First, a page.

I’ve studied a lot of Brock Osweiler over the last couple of months (dating back into the 2011 season), and I like a lot about him.  However, when compared with other high round picks from recent years, he doesn’t compare all that well.  Once you get to the mid-rounds, I think Osweiler becomes a pretty good value, and the kind of player who you’d feel really good about getting to play if your starter should miss time.  Stylistically, Osweiler is much closer to a prototypical modern quarterback than someone like Keenum or Brandon Weeden, and could be a fantastic steal if he makes the third round (I doubt he will).  But he’s got a ways to go before he’s playable at this level.

10. Russell Wilson, Wisconsin, fifth-round grade [NFL comparable: David Garrard]
11. Jacory Harris, Miami, fifth-round grade [NFL comparable: Jon Kitna]

It’s hard to define a fourth round prospect, but I don’t see any in this draft.  I think Osweiler, Keenum, and Austin Davis are all steals by the fourth round.

Russell Wilson is a tough sell as a starter in this league.  It’s not that he doesn’t have the ability to be an every down player, but he’s not all that effective from the pocket.  Unlike Kellen Moore, you can see how the lack of height really affects Russell Wilson as a passer and how smart Wisconsin was to let him be a one read and then create a play passer.  Wilson is incredibly efficient from outside of the pocket — rarely making a poor decision on the move — and he’s up there with Jake Locker as the best outside the pocket thrower to come out in the last couple of years.   The issue with Wilson is that because such a small percentage of the NFL game is outside the pocket, he gets frozen as a no. 2 option without real no. 1 upside.  In some drafts, you could see him as a 3rd or 4th round pick, in others’ he’d go undrafted.  To be safe, I’m splitting the difference.  He has a shot to be David Garrard some day.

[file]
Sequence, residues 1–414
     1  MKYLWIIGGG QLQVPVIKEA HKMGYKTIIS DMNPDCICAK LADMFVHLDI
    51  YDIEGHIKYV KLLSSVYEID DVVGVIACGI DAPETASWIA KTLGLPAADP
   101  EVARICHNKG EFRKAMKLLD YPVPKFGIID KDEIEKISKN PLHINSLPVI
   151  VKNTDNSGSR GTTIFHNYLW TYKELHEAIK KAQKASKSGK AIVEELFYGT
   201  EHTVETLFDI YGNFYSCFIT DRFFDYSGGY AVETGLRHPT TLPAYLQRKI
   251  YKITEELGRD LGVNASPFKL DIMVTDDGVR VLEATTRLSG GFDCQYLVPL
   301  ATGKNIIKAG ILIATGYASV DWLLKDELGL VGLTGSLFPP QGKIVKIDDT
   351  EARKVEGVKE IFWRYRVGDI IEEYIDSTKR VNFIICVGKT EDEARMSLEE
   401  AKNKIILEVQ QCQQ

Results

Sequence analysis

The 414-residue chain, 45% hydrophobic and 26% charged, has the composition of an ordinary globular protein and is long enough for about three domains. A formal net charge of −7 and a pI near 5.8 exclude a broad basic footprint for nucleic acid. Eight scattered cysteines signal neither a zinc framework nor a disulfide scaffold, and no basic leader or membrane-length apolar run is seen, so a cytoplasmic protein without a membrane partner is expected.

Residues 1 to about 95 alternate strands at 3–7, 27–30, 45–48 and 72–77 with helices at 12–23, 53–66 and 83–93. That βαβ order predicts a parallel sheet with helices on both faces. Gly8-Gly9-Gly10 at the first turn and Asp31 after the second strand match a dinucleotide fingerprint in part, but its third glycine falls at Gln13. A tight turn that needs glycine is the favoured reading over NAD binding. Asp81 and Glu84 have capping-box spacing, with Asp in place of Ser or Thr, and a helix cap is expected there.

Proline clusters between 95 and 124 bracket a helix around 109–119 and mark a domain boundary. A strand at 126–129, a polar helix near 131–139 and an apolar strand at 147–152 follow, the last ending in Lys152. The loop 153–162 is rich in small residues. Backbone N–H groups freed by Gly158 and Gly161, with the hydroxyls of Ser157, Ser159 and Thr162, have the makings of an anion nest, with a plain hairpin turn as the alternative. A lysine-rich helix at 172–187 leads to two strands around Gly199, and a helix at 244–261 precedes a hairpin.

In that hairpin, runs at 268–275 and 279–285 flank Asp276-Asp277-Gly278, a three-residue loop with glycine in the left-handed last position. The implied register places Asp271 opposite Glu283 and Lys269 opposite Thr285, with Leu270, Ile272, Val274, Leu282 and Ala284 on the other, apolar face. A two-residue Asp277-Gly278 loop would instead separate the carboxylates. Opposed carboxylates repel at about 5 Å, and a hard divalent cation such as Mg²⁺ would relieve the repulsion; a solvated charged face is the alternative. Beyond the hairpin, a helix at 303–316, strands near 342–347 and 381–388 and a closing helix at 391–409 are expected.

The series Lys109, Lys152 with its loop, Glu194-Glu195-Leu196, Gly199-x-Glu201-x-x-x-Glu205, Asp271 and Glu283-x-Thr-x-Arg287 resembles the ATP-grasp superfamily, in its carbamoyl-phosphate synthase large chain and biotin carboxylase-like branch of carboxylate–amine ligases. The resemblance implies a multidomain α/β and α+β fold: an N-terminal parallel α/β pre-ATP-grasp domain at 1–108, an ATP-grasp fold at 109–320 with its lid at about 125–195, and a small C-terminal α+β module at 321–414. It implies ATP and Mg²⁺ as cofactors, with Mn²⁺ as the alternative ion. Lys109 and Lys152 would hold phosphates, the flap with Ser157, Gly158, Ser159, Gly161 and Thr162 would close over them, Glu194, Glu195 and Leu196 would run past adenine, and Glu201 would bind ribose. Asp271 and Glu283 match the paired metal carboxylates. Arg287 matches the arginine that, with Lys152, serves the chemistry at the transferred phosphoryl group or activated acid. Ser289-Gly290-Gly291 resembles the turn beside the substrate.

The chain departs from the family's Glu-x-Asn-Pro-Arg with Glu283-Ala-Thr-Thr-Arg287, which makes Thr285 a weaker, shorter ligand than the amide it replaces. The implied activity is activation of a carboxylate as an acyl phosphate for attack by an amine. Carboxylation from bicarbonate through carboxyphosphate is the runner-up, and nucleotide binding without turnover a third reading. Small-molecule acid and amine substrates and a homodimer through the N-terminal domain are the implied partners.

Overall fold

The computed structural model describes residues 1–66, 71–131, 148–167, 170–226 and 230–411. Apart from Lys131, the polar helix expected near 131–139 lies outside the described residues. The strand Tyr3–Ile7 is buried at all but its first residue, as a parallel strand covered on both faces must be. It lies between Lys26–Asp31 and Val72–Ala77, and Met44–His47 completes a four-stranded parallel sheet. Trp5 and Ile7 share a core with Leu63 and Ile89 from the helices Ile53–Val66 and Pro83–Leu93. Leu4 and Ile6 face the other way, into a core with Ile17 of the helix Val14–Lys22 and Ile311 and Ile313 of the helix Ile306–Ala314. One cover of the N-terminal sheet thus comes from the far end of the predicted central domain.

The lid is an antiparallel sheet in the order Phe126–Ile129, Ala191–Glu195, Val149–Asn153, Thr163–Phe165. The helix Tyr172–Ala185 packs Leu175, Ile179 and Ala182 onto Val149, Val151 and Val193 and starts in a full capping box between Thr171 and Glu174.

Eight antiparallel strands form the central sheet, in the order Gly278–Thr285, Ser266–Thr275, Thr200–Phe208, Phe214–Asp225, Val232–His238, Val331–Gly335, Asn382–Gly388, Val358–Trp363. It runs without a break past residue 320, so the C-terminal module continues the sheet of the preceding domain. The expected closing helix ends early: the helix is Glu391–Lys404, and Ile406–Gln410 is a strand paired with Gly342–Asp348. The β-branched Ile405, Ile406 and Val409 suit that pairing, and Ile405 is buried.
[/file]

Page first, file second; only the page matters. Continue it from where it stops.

Jacory Harris has gotten hardly any buzz whatsoever for a guy who made a bunch of NFL type throws at Miami, and I think the lack of analysis done on Harris has really hurt him.  I don’t think a player who never dominated the college level can truly turn into much of a pro player, but he deserves a sniff at the NFL that he may not get because people are so down on him.  Jacory Harris made all sorts of questionable decisions with the football at Miami, but he had a really strong senior year and I’m a little bit surprised he’s such a non-factor in this draft.  He’s got NFL ability, but you wouldn’t know that by following the draft process.

12. Chandler Harnish, Northern Illinois, sixth-round grade [NFL comparable: Josh Johnson]
13. Dominique Davis, East Carolina, sixth-round grade [NFL comparable: David Carr]
14. Alex Tanney, Monmouth (IL), sixth-round grade [NFL comparable: John Skelton]

I treat the sixth round as the back end of the middle rounds from an analysis stand point, and all middle round quarterback prospects by definition must have best-case starter upside.  So here you have three talented players who may have trouble with complex coverages at the next level when they have to deal with speed and complexity.  But they can all throw the football and complete passes as well as some of the names higher on this list.

I wouldn’t expect any of these guys to win a starting job, but I don’t think any of them would look significantly out of place on an NFL roster come the preseason.

15. B.J. Coleman, Tennessee-Chattanooga, seventh-round grade [NFL comparable: Alex Smith]

As I define a seventh round QB prospect, it means that we’ve left the mid rounds where I think you can find starting projects and have entered organizational backup territory.  Coleman was known at the University of Tennessee and later at Chattanooga for his work ethic and desire to get better, and of all the guys listed as UDFA and priority UDFA, Coleman is the one I would bet on winning a third string quarterback job as a rookie, and giving at least a little bit of return on a seventh round draft choice.

Beyond him, teams are just looking for guys who can come in and compete, even on the scout team, and a guy like Aaron Corp might someday prove able to return something in a trade and win a starting quarterback position.

16. Aaron Corp, Richmond, Priority UDFA [NFL comparable: Matt Hasselbeck]
17. Brandon Weeden, Oklahoma State, Priority UDFA [NFL comparable: Mark Sanchez]

18. G.J. Kinne, Tulsa, UDFA [NFL comparable: Colt McCoy]
19. Ryan Lindley, San Diego State, UDFA [NFL comparable: Chad Henne]
20. Dan Persa, Northwestern, UDFA [NFL comparable: Chase Daniel]
21. Darron Thomas, Oregon, UDFA [NFL comparable: Joe Webb]
22. John Brantley, Florida, UDFA [NFL comparable: Ricky Stanzi]
23. Jordan Jefferson, LSU, UDFA [NFL comparable: Jerrod Johnson]
24. Patrick Witt, Yale, UDFA [NFL comparable: Tyler Palko]
25. Jarrett Lee, LSU, UDFA  [NFL comparable: Tyler Thigpen]

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  1. April 8, 2013 at 1:39 pm